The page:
The bios of famous people often include the phrase "who grew up in a small town," as if that's some badge of achievement. Guess what -- we're all from a small town, the borders of which are the bony left and right walls of the cranial cavity. It matters little whether the body happens to be respiring in New York City or Flyspeck, Alabama; we are confined to the whistle-stop our brains create for us, until circumstances or sheer force of will expel us into the wider universe. Of course, there are many who live and die in that same tiny gray place, waiting for something to happen that never does.
This is the idea behind Wait! by Julie Jensen, now being given a sensational rendering in a co-production by TITLEWave Theatre and Cleveland Public Theatre. On the surface, this script seems to step on every banana peel it can find. The handful of characters are formulaic and stereotypical: The young woman is shy and confused, the father's an alcoholic, and the local theater director -- can you guess? -- is flamboyantly gay. On top of that, they all live in a predictable dead-end burg that is so downscale, the central family occupies a home that is actually the basement of a house that never got built. Amazingly, this production gracefully skates across all these potential slip-ups, twirls three times in the air, and sticks the landing by turning a handful of cardboard characters into real (albeit rampantly unusual) people.
The lead character in this enterprise is Wendy Burger (ha-ha), who calls herself the "wallboard woman" because she blends into the background and finds it hard even to speak to others. However, she jabbers to the audience plenty, as she narrates her changing emotional states along with the action of the play. Turns out, she lives with her beer-swilling dad, who burps and drools his days away, feet propped up on a coffee table made of Quaker State motor-oil cases. Other than driving for UPS, Wendy has nothing going for her until Lu, the local drama queen, decides to sweep the dead vermin out of the decrepit opera house and start puttin' on plays. This places aspiring thespian Wendy in close proximity to a couple of outrageous female actors named, incongruously, O Vixen My Vixen (inspired by the Walt Whitman poem) and Floating Piñata Head. Yes, it sounds unbearably precious and pretentious, and we haven't even mentioned the barely understandable Greek/Romanian couple, Jen-Ya and Hazar, who live near Wendy, along with Modesto, Dad's main squeeze, a brazenly self-described "woman of meat," who carries rib-eyes in her purse and who has hands that look like grilled sirloin. But amazingly, it all comes together astoundingly well.
While the script gradually leads these losers toward a fractured production of Hamlet, the impressive TITLEWave cast is busy spinning its characters' flax into gold. As Wendy, Jennifer Clifford is a waif with a spine of steel, vulnerable and needy, but ready to explore anything that will release her from her town or her claustrophobic mindset. She's overwhelmed with passion for Vixen, played with wacky earnestness by Marni Task, who is full of comically trenchant insights ("Then I realized . . . life is what theater is based on!") that sweep Wendy off her sensibly shod feet. The other three cast members play three characters each. Meg Chamberlain is hilariously pugnacious as the Atkins-diet dream girl, the beef-loving Modesto, and the helpful Jen-Ya. But Chamberlain's one-note Gloria Swanson/Kate Hepburn take on Floating Piñata Head becomes tiresome and ultimately less interesting than her other roles. In a bravura performance, Randy Rollison crafts three distinct and diabolically funny characters. His Dad is a leering letch, but Rollison gives him more dimension; his final scene with Wendy, in which he's soaked in his own post-binge dreck, is surprisingly touching. At the same time, Rollison manages to make Lu lovably swishy and the gruff and guttural Hazar a minor comic gem.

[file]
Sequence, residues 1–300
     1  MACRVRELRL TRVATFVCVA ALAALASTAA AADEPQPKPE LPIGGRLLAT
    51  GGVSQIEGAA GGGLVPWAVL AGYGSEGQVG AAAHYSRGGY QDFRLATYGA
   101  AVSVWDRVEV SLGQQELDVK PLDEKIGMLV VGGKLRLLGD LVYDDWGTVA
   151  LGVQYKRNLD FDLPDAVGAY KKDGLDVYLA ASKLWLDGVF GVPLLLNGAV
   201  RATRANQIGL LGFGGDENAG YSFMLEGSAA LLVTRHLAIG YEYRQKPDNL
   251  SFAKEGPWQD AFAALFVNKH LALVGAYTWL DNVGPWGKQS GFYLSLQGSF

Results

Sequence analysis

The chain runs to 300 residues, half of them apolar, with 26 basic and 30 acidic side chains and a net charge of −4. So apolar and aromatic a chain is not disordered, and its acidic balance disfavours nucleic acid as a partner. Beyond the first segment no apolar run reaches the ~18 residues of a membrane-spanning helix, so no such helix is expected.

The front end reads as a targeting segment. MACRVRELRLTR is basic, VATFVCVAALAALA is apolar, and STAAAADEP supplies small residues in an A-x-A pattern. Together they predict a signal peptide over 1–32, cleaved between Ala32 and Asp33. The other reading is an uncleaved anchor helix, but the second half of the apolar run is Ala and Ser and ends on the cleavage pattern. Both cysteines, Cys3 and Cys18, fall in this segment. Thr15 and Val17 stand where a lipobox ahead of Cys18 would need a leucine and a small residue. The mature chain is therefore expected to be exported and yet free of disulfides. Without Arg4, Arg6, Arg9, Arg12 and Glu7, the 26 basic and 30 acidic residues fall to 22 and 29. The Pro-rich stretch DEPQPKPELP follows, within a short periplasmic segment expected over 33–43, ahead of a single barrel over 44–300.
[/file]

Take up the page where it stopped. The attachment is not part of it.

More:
Productions of wacky scripts such as Wait! always run the risk of becoming too enamored of their own zaniness. Director Gregory Vovos avoids this by keeping his actors focused on the humanity that pulses in Jensen's words. And thanks to Jenny Hitmar's spare staging -- Wendy's upstairs apartment is represented by the fifth rung on a 12-foot stepladder -- we are left teetering between Wendy's real and imagined lives.
Once Lu's production of Hamlet is staged -- with a flickering blue light playing the lead role (à la Tinkerbell), after the designated actor had to go shingle his girlfriend's roof -- Wendy reaches an epiphany of sorts. Perhaps space-cadet Vixen sums it up best when she sagely observes, "Maybe that's what theater's about: like give and like take!" Like, yeah.
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